In my last post I talked about hot and cold cognition. In this post I am going to talk about slow cognition, aging, weight lifting and the getting of wisdom.
It is held at the bottom by three 14 mm nuts. Check that, two 14mm and one 15mm nut. Not mine to reason why, Toyota no doubt has some obscure reason. The two 14mm bolts came out just fine and my luck was in because I hadn’t even managed to lose my nice, strong, high quality 15mm half inch drive socket. So I got my Snap-On (read Rolls Royce of tools) breaker bar (read very big lever) and connected it to my 15mm socket. Since the nut is way down in the bottom of the engine compartment and I couldn’t get the socket onto it straight I had to use a universal joint that would allow me to put the socket on to the nut and still apply a powerful turn to it.
Well, rather like the big bad wolf at the third little piggy’s house, I huffed and I puffed – and nothing happened. I experimented with my stance and various placements of the breaker bar. And I huffed and I puffed and, again, nothing happened. I am not young any more but I have been lifting weights and I was starting to have flashbacks of particularly tough nuts I managed to crack from when I was half my age. So I took a break and thought it over. Made a cup of tea and went and got a pair of leather work gloves from the shed.
The gloves seemed to help me turn harder without hurting my hands. But still no result. The adrenaline was flowing by now and I let it lose a bit so that I turned harder than was entirely prudent. Nothing. I walked away wondering what I would end up paying a mechanic to put a torch on it to loosen it. I tried again with that kind of cold, determined anger that is sometimes more powerful that one realizes and…. BANG..the wrench let go. I checked it out. I’d broken the universal joint. No biggie. I have two and the broken one was obviously a cheap one. I checked the broken parts and found no name on it and looked at the other one and sure enough it was a Craftsman – Sears good line of tools that carry a lifetime guarantee. Not Snap-On, but good. So I put the good universal joint onto the set up and give it another go. No luck.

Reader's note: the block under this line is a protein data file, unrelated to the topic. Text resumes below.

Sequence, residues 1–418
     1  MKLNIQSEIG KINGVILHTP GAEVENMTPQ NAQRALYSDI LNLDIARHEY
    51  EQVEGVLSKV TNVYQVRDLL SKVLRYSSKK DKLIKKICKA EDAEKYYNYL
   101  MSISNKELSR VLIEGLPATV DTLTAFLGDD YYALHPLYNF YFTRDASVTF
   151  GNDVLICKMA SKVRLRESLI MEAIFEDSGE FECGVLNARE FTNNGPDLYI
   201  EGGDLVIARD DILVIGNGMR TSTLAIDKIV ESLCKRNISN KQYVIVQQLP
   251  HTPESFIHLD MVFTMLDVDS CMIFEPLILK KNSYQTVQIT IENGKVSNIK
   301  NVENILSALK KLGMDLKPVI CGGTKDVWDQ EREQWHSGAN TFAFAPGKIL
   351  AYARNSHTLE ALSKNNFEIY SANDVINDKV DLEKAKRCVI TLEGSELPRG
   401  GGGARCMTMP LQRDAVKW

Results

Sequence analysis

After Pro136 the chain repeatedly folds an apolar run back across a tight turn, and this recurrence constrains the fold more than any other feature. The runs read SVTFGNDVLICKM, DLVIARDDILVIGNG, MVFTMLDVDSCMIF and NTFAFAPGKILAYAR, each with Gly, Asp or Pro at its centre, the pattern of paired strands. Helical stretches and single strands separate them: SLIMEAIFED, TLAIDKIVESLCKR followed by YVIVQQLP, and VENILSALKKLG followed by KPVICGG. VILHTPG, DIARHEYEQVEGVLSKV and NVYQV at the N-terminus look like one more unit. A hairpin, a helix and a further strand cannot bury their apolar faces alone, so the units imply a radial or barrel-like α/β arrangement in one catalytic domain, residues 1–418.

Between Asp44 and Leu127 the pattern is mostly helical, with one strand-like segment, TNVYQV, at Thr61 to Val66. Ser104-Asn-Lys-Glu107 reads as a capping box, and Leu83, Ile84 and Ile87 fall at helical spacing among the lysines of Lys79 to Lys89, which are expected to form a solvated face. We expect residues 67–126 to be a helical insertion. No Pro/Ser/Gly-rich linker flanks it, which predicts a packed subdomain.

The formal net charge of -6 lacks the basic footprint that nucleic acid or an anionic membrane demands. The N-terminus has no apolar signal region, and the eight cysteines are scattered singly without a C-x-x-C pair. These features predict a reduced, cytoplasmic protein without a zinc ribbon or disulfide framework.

Time to walk away again. Have another cup of tea. Thinking about it, I realized that I had been getting better at trying to take the nut off. My stance was improving. The gloves were helping. Maybe there was some hope after all. I got set up again after my break and took particular care to maximize turning power with the placement of my feet and the amount I bent my knees. As I did it, I could feel I had really gotten better at it. The effort no longer felt awkward and slightly unbalanced. But still no result. I work out what I am going to do – who I will go to see with the problem. I give it another go and BANG. Another snapping noise. What did I break this time? The wrench and all its parts are intact…the nut has turned. Hallelujah!! My contingency plans go up in smoke. I take the nut off and finally get a look at my worthy opponent. Painted black for some reason. I turn it over. This is the bottom:
See those three spots? They are welds. It was never meant to be turned. You are supposed to just unscrew the bolt from the other side. Toyota had tried to communicate. They painted it black. They made it a different size. They even made it so a socket wouldn’t go onto it straight. Then I picked up the replacement part and, sure enough, it had the nut welded on to one of the three holes. I hadn’t even looked, nor – luckily – had I done any harm – just wasted a couple of hours. And discovered that age does not necessarily bring wisdom, nor if you take the trouble to lift weights, loss of strength.